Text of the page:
An impressive pedigree
Almost every extremely successful business owner took huge risks. Oracle’s Larry Ellison promised customers non-existent features and then had his developers create them. Tim Westergren of Pandora convinced over 50 employees to defer salaries, some for one or two years, when the company ran out of money. When the company was finally rescued by an outside investment Westergren had maxed-out eleven credit cards. Elon Musk founded an electric car company, the biggest solar energy supplier in the U.S., and then founded a space exploration company – at times risking the total collapse of each venture.
The list goes on and on – successful entrepreneurs often take small and big risks in order to grow their companies. Risk stops their results from being like everyone else’s.
The best business people know innovative products only look like a sure thing in hindsight. Twitter only makes sense in hindsight. Spanx only make sense in hindsight. Bottled water only makes sense in hindsight.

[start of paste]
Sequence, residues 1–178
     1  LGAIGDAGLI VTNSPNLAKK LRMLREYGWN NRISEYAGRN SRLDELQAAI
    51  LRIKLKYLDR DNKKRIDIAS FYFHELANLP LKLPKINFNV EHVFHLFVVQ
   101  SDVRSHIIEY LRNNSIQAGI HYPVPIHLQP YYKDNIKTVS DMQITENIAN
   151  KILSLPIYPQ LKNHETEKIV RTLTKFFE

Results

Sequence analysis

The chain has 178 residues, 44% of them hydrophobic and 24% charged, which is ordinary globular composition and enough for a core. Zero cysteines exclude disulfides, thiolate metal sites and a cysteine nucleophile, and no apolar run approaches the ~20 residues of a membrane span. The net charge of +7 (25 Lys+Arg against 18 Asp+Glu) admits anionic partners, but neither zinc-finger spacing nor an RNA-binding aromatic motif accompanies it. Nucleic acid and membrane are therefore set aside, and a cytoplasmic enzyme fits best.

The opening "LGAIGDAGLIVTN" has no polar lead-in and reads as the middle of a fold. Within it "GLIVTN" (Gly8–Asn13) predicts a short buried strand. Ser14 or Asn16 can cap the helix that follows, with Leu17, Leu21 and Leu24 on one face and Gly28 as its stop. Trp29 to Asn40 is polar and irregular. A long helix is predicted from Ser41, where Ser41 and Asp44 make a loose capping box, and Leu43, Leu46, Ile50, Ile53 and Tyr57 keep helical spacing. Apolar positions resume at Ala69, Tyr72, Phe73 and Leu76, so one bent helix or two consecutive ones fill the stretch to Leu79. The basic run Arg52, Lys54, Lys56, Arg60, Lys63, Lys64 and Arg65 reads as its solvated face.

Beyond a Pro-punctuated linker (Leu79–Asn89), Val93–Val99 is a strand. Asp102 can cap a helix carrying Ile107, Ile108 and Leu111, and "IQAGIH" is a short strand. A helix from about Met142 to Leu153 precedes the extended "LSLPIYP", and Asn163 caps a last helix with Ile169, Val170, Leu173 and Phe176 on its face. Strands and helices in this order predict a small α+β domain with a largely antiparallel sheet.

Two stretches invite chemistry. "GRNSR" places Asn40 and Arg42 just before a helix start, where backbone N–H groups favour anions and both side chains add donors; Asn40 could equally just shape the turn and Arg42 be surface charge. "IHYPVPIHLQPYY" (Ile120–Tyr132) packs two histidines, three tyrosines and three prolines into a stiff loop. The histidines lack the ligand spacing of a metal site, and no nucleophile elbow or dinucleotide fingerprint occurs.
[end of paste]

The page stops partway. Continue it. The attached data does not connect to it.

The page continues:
Innovative services, innovative pricing schemes, innovative marketing… all only seem like sure bets in hindsight.
Every groundbreaking idea or product only makes sense in hindsight; that's why it’s groundbreaking. The emergence of any new industry only seems inevitable after it has emerged.
And that means someone believed when everyone else did not.
If you believe when others don't – and if at least some of your belief is based on objective analysis and not just instinct – then go for it. Start a new business. Enter a new market. Take a chance on a new product.
No matter what other people say. No matter what the "smart" people say.
If you truly believe – and are willing to back that belief with hard work, determination, and persistence – then a risk you take may pay off in ways you never imagined. And if it doesn’t, pick yourself back up and try again… because you only lose if you give up.